Frittenden has had several Rectories. The first on record was the ‘Old Red House’ recorded for posterity by John Preston Neale c1830. This watercolour was among several reproduced ‘for the Rector for the time being’ in 1842 at the behest of Edward Moore.
Moore found the Rectory in such a dilapidated state that he and his new wife commissioned a new building. This was on the same site as the old rectory and became Frittenden House.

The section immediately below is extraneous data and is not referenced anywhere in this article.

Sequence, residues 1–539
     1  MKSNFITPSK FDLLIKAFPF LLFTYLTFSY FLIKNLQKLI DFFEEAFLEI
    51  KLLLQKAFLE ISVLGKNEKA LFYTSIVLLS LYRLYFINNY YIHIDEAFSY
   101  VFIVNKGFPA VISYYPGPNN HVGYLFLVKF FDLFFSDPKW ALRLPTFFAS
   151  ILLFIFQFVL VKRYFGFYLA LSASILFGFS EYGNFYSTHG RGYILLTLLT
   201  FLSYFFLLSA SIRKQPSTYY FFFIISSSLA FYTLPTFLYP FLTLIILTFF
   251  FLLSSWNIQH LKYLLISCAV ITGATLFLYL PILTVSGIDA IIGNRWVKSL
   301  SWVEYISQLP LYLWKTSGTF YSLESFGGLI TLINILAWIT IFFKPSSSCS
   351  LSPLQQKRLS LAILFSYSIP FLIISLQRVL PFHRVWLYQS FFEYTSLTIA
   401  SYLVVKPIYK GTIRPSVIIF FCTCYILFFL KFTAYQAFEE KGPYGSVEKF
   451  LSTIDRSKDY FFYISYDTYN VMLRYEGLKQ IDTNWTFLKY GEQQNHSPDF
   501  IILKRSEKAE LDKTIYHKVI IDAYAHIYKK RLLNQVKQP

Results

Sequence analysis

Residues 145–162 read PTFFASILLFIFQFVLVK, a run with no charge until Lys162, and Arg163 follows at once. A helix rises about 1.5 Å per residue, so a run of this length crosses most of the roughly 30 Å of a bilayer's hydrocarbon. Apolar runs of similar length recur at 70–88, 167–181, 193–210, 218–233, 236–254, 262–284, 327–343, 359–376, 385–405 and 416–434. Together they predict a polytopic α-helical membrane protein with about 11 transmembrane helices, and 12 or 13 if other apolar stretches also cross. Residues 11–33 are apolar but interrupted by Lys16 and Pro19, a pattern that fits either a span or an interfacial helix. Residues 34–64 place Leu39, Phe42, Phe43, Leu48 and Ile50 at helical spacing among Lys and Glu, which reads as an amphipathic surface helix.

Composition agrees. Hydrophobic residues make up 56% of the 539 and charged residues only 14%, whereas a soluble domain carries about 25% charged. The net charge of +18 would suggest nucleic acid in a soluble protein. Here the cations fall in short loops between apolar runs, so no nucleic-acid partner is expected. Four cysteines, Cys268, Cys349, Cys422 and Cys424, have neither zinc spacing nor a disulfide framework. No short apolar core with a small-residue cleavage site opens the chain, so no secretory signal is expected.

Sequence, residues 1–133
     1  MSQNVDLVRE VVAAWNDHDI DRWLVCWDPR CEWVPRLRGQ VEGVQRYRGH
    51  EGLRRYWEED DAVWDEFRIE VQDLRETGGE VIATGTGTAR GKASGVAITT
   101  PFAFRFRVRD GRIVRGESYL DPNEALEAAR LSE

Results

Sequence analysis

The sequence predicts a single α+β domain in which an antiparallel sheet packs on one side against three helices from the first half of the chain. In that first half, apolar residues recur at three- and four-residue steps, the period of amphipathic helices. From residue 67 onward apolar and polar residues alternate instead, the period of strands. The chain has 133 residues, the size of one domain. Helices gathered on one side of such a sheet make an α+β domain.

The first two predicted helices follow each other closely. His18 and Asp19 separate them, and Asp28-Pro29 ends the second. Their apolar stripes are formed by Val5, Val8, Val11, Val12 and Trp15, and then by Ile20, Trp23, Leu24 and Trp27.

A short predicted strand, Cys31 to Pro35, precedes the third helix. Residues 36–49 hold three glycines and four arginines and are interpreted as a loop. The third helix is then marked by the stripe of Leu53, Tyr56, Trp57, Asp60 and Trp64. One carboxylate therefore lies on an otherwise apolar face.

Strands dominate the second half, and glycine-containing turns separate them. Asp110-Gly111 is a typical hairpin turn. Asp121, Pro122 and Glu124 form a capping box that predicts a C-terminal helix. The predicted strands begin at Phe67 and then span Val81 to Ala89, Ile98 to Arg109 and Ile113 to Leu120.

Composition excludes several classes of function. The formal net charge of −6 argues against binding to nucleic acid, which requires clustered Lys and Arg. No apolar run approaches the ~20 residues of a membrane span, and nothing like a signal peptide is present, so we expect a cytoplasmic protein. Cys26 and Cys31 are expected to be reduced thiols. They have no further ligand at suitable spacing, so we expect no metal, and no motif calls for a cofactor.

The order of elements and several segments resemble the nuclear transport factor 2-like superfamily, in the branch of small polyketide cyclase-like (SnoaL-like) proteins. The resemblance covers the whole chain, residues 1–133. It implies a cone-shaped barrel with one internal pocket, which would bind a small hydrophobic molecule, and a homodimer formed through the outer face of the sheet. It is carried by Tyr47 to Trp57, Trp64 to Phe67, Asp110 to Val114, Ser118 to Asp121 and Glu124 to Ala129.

When the Trustees of the Marriage Settlement of Edward Moore and Lady Harriet sold the Moore Estate in 1867, the Rectory went with the Estate. A new Rectory was built and was occupied by Moore’s successor, Thomas Hallward.
The current Rectory is Oak Leaves, situated in The Street, across the road from the Church and adjacent to the village shop. At one time the house was the home of the Pearson family whose carpenter’s yard was adjacent.
The information on this page has been kindly provided by the Frittenden Historical Society.